Berwickshire is a hot bed of literary talent and an event being held next Friday will give you the opportunity to get closer to some of the faces behind the words.
‘Meet The Authors’, being held in Gavinton village hall on Friday, May 2, has been organised by Berwickshire High Parent Council to raise funds for the school and is uniting romantic novelist Lisa J Hobman, Duns crime writer Janet O’Kane, playwright and poet Arthur Parsons from Coldstream and Gavinton poet and psychological thriller author Max Hardy.
The quartet will all read excerpts of their work and take part in a question and answer session with their audience.
Organiser Karen Lerpiniere said as well as giving people the chance to meet the authors, it could also pave the way for would-be writers in the area to put pen to paper.
“I myself have found myself jotting down things I’ve seen or heard in a notebook and thought that one day I’ll maybe do something with them- the difference is that these guys have gone and done it.”
Little more than a year ago Lisa still hadn’t published her first book but now she’s published three and was recently nominated for atop romantic fiction award.
But ever modest, Lisa still just sees herself as a Yorkshire lass who moved to the Borders and decided to give writing a bash.
“It really hit home for me when I attended the awards do in London.
“I was stood next do and in the same category as one of my idols Lisa Jewell.
“I’ve read all her books and she was a massive inspiration to me. She is amazing whereas to me I’m just Lisa . It was a real star struck moment- I managed to get a photo with her but no autograph- I think that might have been too fan-girly!”
When she’s not writing gripping crime stories like ‘No Stranger to Death’. Janet can be found working in BAVS charity shop but even there she comes into contact with avid readers.
“This woman came into the shop and asked if she could talk to me about my book.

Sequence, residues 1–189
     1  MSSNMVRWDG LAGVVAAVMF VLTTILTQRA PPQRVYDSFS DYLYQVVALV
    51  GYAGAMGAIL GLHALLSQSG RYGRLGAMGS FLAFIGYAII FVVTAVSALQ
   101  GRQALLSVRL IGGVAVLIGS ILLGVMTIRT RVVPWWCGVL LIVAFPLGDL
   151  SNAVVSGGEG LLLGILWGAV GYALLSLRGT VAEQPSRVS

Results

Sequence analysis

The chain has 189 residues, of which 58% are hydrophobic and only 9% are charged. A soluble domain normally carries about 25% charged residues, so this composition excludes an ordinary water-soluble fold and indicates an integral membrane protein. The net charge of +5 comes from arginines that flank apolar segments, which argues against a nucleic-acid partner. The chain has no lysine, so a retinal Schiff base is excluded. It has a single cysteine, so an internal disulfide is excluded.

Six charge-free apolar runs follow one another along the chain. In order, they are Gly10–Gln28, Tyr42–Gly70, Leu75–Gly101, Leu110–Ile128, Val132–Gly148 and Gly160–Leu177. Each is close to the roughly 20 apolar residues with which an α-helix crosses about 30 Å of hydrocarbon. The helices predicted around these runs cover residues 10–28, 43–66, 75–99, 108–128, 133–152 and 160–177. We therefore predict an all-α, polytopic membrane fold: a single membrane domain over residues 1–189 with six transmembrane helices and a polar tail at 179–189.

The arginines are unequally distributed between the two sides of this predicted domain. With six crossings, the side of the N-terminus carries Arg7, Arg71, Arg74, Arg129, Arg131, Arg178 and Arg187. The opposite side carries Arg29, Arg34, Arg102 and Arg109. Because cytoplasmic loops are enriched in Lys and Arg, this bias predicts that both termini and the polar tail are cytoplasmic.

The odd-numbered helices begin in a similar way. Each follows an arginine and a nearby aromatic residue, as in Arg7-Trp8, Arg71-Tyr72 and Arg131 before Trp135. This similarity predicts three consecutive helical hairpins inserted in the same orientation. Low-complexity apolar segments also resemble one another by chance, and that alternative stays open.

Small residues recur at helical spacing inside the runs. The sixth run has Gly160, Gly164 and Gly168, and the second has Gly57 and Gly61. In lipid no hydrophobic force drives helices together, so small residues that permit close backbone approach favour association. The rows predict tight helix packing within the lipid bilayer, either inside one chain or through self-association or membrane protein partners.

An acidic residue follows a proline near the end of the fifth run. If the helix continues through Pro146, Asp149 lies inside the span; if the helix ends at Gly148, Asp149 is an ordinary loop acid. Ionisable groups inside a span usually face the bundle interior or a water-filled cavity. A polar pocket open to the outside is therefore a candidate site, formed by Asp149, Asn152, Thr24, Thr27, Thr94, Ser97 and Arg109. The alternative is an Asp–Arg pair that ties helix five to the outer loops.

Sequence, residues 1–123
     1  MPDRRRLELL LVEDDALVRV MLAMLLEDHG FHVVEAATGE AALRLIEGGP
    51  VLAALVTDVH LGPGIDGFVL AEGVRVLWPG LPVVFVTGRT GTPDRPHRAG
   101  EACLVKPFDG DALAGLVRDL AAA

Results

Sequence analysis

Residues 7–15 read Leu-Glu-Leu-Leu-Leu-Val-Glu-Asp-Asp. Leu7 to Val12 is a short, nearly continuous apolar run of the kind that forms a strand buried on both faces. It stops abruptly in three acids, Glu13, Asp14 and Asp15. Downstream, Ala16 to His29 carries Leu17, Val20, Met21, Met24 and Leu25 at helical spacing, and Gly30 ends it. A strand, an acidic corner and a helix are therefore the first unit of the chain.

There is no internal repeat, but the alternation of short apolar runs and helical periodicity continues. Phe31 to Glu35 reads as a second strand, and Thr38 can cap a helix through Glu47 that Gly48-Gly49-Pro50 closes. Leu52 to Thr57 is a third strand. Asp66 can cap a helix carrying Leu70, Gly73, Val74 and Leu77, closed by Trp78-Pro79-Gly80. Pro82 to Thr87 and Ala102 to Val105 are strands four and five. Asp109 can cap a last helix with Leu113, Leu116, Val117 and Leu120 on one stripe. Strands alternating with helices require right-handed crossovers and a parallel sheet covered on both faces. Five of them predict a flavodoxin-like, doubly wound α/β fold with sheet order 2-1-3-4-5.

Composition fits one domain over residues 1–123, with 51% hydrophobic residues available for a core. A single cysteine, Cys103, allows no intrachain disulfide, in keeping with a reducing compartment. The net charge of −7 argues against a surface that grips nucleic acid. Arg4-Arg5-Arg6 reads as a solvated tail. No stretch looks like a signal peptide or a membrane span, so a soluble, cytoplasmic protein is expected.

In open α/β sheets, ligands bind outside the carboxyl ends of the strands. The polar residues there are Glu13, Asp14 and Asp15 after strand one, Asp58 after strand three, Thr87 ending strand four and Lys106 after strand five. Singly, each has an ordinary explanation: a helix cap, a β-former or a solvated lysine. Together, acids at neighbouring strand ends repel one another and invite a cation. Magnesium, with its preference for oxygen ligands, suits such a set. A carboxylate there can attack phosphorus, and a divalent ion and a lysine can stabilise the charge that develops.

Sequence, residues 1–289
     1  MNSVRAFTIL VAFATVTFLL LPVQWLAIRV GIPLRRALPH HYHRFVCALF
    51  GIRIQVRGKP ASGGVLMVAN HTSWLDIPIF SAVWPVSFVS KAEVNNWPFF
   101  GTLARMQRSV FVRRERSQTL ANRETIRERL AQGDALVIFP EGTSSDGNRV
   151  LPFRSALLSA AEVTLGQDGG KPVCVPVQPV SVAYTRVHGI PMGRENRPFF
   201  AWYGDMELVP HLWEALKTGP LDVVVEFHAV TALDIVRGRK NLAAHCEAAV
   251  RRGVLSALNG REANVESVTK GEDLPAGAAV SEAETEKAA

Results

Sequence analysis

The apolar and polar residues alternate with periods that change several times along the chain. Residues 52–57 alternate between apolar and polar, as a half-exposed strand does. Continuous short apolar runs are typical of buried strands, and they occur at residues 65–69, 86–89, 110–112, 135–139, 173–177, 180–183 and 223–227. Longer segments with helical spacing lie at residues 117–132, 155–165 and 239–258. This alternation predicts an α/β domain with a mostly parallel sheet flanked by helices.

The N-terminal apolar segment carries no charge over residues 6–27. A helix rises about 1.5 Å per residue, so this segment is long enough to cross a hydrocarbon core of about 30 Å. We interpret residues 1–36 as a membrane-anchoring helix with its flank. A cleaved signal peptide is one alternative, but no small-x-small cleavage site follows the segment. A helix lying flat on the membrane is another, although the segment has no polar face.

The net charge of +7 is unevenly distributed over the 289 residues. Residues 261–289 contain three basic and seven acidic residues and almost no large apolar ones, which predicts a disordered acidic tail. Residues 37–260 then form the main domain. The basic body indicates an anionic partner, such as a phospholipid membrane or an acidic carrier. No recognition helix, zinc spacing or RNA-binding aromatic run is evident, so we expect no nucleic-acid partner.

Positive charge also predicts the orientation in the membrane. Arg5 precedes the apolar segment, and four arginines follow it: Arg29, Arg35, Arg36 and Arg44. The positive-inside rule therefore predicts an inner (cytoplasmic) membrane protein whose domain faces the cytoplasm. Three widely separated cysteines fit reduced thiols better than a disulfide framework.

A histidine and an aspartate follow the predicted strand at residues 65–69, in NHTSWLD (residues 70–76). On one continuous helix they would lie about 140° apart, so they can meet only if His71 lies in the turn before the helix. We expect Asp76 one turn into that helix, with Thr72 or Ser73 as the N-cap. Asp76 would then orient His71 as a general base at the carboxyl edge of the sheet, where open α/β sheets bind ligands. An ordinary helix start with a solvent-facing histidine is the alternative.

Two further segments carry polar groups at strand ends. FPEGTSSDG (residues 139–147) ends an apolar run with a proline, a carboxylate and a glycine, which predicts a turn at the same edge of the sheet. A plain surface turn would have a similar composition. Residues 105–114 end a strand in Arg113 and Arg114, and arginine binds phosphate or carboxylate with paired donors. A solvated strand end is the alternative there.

“ I was thrilled. It’s s very strange for me to think that characters that were in my head are now in other people’s heads.
“Despite the fact I write some grisly tales I am a perfectly normal person who can normally be found walking dogs or looking after chickens- I’m nothing special.”
Max balances his passion for writing with a day job as an IT manager which also involves a 90 minute commute to and from Newcastle every day.
But like Lisa, Janet and Arthur, he said when you’ve got a passion for something you make time.
“Even on a lunchbreak I can find myself writing down 500-1,000 words worth of ideas,” he explained.
“The most fulfilling experience I’ve had so far is probably when a woman asked if she could read ‘Walk With Me’, a poem I wrote about my daughters wedding to her husband who was dying of cancer.
“She said it summed up her situation perfectly. It was strange but so rewarding to hear that someone connect so strongly with your words.
Arthur is currently working on a radio play but whilst he does that a local illustrator has been busy transforming his words into art for an up and coming exhibition at Coldstream Gallery. Writing can be a very lonely art but when your words can provoke such a reaction from others it makes it so worthwhile.”